There are a number of factors which must be considered when setting an appropriate hurdle rate for effectively judging the success of an investment policy/strategy or an investment manager, as the case may be. They are:
- Determining what needs to be measured and how to evaluate the results. The inflation-driven bogey was originally selected to measure the success of the plan itself, however, it became a useless tool when trying to evaluate the performance of the money manager. Relative rankings can mislead without sufficient knowledge as to the make-up of each sample. At the same time, comparisons against either an index or custom-designed benchmark rely on a complete understanding of the methodology, inclusion and representation of the index used, and a statistical understanding of the result.
- The selected time frame is critical. Why four years? Not all asset classes are equal — managers of some asset classes (e.g., real estate, small cap, high yield, infrastructure, private equity, etc.) require longer-term time horizons to be able to demonstrate investment success. Managers of longer-term fundamental strategies, or those making larger or less frequent “bets” require longer periods before success or failure can be judged than those making multiple and/or frequent bets and/or having lower tracking error versus the benchmark. As well, for some asset classes, determining an effective benchmark might be difficult.
- To justify “active” management, a value-added target is linked to the specific index used to measure a manager’s success – and, demonstrate why active management was selected over a passive alternative. For a core common stock portfolio, the value-added target is, typically, 200 basis points above the index. With the historical return of the Canadian and U.S. stock markets at close to 10% per annum, this value-added target would be 20% of the historical return. Should the markets in future years be half the long-term average, the value-added that would have to be delivered would be 40% (i.e., the success or otherwise of active management has become much larger as a share of the total return outcome). Determining the right benchmark and value-added target gives a tell-tale to the manager and, if not done properly, can send the wrong message.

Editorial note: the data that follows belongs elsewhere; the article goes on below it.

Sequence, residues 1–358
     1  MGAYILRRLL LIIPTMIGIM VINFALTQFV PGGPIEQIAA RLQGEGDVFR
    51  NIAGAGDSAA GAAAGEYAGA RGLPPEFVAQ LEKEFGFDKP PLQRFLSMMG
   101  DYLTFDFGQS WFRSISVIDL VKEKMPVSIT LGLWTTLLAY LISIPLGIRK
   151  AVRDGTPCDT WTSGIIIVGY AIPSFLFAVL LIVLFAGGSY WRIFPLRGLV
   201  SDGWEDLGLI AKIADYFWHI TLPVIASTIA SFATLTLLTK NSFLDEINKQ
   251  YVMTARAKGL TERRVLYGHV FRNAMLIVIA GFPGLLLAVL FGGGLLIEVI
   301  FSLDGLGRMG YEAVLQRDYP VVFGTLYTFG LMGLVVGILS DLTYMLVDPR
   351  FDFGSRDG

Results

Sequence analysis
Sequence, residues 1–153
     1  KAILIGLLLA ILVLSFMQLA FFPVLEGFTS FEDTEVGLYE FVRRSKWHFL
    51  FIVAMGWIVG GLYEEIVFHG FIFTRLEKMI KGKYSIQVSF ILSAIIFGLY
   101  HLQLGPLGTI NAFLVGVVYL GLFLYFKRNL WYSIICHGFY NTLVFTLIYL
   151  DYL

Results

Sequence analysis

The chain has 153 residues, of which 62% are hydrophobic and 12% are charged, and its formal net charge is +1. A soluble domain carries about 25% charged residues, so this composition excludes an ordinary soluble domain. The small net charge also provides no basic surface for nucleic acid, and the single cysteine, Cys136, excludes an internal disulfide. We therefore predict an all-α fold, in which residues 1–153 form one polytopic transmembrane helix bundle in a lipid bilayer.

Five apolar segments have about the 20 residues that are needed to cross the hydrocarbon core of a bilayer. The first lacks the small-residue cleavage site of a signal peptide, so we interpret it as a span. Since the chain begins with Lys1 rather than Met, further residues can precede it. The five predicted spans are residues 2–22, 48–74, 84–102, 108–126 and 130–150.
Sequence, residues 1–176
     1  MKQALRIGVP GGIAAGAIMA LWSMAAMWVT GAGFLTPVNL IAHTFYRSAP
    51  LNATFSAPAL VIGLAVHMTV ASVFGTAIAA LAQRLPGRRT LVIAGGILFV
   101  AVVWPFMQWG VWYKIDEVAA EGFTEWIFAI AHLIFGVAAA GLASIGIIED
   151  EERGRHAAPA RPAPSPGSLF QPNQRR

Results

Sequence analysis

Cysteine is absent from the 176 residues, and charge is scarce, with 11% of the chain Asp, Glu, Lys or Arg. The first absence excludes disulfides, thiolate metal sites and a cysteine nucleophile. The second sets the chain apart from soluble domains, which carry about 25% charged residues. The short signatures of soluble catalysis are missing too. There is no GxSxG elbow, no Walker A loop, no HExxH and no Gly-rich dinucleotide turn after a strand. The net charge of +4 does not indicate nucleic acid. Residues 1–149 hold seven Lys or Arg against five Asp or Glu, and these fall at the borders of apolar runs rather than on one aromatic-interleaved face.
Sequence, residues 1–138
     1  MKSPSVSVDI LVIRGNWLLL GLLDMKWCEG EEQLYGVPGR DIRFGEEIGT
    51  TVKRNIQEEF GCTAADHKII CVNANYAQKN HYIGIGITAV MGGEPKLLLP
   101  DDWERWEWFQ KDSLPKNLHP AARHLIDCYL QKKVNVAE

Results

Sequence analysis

As a consultant, I had one client that gave their manager full discretion to be in either the Canadian stock market or U.S. stock market. Back then, the benchmark was the Toronto Stock Exchange (TSE) Composite plus 400 basis points or the S&P 500 plus 400 basis points. In my first meeting with the plan sponsor after being retained, the existing manager talked about how attractive the U.S. market was compared to the Canadian market. I looked at the portfolio and it was 100% invested in Canadian stocks. When asked why, the manager stated that he believed he had a better chance of outperforming the Canadian market by 400 basis points (which we also thought was impossible) than outperforming the S&P 500 by 400 basis points. The manager could not do what he felt was best for the client given the client’s performance objective.
One last point here: a study by Goyal and Wahali titled, The Selection and Termination of Investment Management Firms by Plan Sponsors published in the August 2008 issue of the Journal of Finance concluded that the vast majority of replacement managers who were hired underperformed the managers that were fired over the next two-year period.
Determining the appropriate benchmark for measuring success (of lack thereof) and interpreting the outcome wisely is both an art and a science. The majority of tools have their flaws. Yet, investment committees and investors must make decisions to hire, retain and cannot avoid using some form of benchmarking.
Untimely firing and inappropriate hiring is costing pension and investment funds millions – and in a DC world this cost will be borne by individuals who have little influence over the choices of active managers on the “menu”. In the example I used above, the benchmark design cost the client $23 million over the previous four-year period – an opportunity cost.
The estimated cost of changing managers is estimated to be around 1% of the portfolio value of the specific mandate. On a $100 million portfolio, this represents around $1 million – not counting the fee charged by the service provider for finding a new manager.
The selection of the benchmark and value-added target is as important as the management of the investment portfolio.
Make sure it sends the right message. And, then, make sure performance against these metrics is evaluated accurately, patiently and fairly.
The author would like to thank his partner, Colin Carlton, for his valuable insights and contributions.